Transcriptome sequencing reveals high isoform diversity in the ant Formica exsecta

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Dhaygude , K U , Trontti , N K , Paviala , J K , Morandin , C M , Wheat , C W , Sundström , L & Helanterä , H O 2017 , ' Transcriptome sequencing reveals high isoform diversity in the ant Formica exsecta ' , PeerJ , vol. 5 , no. 5:e3998 , 3998 . https://doi.org/10.7717/peerj.3998

Title: Transcriptome sequencing reveals high isoform diversity in the ant Formica exsecta
Author: Dhaygude, Kishor Uttam; Trontti, Niilo Kalevi; Paviala, Jenni Katariina; Morandin, Claire Marthe; Wheat, Christopher West; Sundström, Liselotte; Helanterä, Heikki Oskari
Contributor: University of Helsinki, Biosciences
University of Helsinki, Biosciences
University of Helsinki, Biosciences
University of Helsinki, Biosciences
University of Helsinki, Stockholm University
University of Helsinki, Evolution, Sociality & Behaviour
University of Helsinki, Tvärminne Zoological Station
Date: 2017-11-21
Language: eng
Belongs to series: PeerJ
ISSN: 2167-8359
URI: http://hdl.handle.net/10138/229634
Abstract: Transcriptome resources for social insects have the potential to provide new insight into polyphenism, i.e., how divergent phenotypes arise from the same genome. Here we present a transcriptome based on paired-end RNA sequencing data for the ant Formica exsecta (Formicidae, Hymenoptera). The RNA sequencing libraries were constructed from samples of several life stages of both sexes and female castes of queens and workers, in order to maximize representation of expressed genes. We first compare the performance of common assembly and scaffolding software (Trinity, Velvet-Oases, and SOAPdenovo-trans), in producing de novo assemblies. Second, we annotate the resulting expressed contigs to the currently published genomes of ants, and other insects, including the honeybee, to filter genes that have annotation evidence of being true genes. Our pipeline resulted in a final assembly of altogether 39,262 mRNA transcripts, with an average coverage of >300X, belonging to 17,496 unique genes with annotation in the related ant species. From these genes, 536 genes were unique to one caste or sex only, highlighting the importance of comprehensive sampling. Our final assembly also showed expression of several splice variants in 6,975 genes, and we show that accounting for splice variants affects the outcome of downstream analyses such as gene ontologies. Our transcriptome provides an outstanding resource for future genetic studies on F. exsecta and other ant species, and the presented transcriptome assembly can be adapted to any non-model species that has genomic resources available from a related taxon.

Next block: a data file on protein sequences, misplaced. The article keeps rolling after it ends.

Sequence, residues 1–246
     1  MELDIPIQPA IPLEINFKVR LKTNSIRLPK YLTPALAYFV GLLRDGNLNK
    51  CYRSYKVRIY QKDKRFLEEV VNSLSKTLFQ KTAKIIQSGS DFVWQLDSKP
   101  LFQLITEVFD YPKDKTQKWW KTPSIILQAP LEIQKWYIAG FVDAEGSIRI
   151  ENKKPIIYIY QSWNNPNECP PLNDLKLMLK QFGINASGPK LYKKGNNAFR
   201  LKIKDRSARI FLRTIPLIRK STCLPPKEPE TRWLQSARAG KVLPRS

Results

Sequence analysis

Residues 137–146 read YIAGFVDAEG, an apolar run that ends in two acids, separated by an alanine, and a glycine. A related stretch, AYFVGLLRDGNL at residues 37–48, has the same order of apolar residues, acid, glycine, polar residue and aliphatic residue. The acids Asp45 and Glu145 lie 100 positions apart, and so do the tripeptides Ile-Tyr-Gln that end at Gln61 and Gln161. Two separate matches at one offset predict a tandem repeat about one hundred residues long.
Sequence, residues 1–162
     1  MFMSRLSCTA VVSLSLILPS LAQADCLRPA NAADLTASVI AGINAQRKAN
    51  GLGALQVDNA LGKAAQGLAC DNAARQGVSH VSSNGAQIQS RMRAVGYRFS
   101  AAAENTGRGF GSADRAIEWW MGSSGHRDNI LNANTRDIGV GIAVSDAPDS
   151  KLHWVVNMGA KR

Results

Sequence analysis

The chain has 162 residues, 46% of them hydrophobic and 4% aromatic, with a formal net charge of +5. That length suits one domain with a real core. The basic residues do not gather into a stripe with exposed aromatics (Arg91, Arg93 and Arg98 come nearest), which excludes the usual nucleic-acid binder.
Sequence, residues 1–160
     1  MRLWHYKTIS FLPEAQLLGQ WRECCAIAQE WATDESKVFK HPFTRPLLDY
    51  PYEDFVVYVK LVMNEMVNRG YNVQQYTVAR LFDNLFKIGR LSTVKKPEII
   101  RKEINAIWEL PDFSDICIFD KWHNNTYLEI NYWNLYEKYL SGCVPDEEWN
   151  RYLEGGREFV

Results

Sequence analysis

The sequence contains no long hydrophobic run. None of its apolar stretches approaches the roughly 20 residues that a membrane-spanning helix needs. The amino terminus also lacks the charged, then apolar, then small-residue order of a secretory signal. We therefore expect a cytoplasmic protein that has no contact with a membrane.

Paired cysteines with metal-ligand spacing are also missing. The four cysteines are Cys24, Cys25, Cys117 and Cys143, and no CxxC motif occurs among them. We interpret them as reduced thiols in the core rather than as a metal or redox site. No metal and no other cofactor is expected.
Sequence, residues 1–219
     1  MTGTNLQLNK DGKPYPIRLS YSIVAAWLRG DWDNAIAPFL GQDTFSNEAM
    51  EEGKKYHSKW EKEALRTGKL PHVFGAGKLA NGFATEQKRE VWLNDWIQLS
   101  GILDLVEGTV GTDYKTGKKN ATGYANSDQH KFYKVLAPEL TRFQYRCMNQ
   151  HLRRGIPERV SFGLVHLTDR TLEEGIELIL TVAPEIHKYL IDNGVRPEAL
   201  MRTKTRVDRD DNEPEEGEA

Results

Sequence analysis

Subject: 1181 Ecology, evolutionary biology
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